Monday, 30th April, 2012, 05:11 PM #5
Enchanter (Lvl 12)
I expected that they'd limit it to those races and classes, but I hoped they would let us build our own characters. Maybe we can reverse engineer it from what they give us?
Also I noticed that it doesn't mention what to expect on the DM's side. How many monsters and magic items will we get? Will we have tools to create our own adventures, or just run some prewritten ones?
Monday, 30th April, 2012, 05:51 PM #6
Guide (Lvl 11)
I know I should be patient and my quastions will be answered over the course of the next month,but I have to ask...
Are these new pregens or the ones from pax? Is there a preset adventure (if so is it the one from pax?) will there be goblins or kobolds or orcs. Or necromancers and zombies?
What themes and backgrounds will there be?I'm with D&D...Any Edition
Monday, 30th April, 2012, 05:57 PM #7
Enchanter (Lvl 12)
Monday, 30th April, 2012, 07:48 PM #8
Novice (Lvl 1)
Due to the sheer amount of playtest feedback that's going to come down the pike (I'm sure), the developers are surely trying to limit the amount of variables to account for in quantifying playtest data.
That goes with saying, I'm not sure what format Mike and Co. are going to use for public playtest sessions, but ensuring that they are working with a relatively narrow window of variables and getting the right data where they need it is important at this stage of development.Yet another gamer/RPG blog! Check out www.geekhorde.com for some original 4E/universal RPG material and my musings on the industry, gaming, geek culture, and more!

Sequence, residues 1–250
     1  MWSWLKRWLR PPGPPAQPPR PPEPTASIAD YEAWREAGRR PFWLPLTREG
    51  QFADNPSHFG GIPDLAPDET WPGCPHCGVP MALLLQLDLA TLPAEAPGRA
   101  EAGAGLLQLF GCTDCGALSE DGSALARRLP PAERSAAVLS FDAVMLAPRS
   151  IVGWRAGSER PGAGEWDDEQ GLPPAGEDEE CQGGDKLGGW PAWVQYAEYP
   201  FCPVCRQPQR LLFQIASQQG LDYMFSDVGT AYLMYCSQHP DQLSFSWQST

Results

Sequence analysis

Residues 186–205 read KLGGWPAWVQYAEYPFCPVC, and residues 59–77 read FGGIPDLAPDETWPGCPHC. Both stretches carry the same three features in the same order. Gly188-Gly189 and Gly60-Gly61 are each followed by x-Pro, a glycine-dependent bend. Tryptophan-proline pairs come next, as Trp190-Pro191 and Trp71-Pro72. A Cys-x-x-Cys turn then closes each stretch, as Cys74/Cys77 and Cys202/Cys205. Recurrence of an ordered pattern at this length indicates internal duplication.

My Homebrew Campaign World, Travelar: http://www.obsidianportal.com/campai...e-darkened-age
"Not all who wander are lost..." J.R.R. Tolkien
Monday, 30th April, 2012, 08:08 PM #9
Superhero (Lvl 15)
Really looking forward to the playtest. I fondly remember a Pathfinder Beta PbP with similar available classes and characters and my first 4e PbP with pregenerated characters (ending with a TPK )Signature
Monday, 30th April, 2012, 08:16 PM #10
Spellbinder (Lvl 16)
As others have mentioned, using pregens is a good way for WotC to make sure that there is a decent baseline for how hard/easy it is. When you are doing any sort of large-scale testing (of any kind) you absolutely need to start with a control group in order to get a set of baseline values.
Pregens against set encounters (I bet that there will be in there somewhere a "Try this group of characters against this set of monsters") will probably be used to give an idea of how many rounds, how many TPKs, etc. With large scale testing, you will get a decent enough set of statistics in order to smooth out any outliers (great DMs, crappy DMs, powergamers, etc). Then, as you open up the playtest, they will be able to see that "OK, when we add in this set of rules, we go from an average of 6 rounds with 5% TPK to 20 rounds with 5% TPK.
To take my experience in the artillery, the quickest way to hit your target is to drop one short, one long, and then bracket in the middle. Creeping up on the target will always take a long, long time.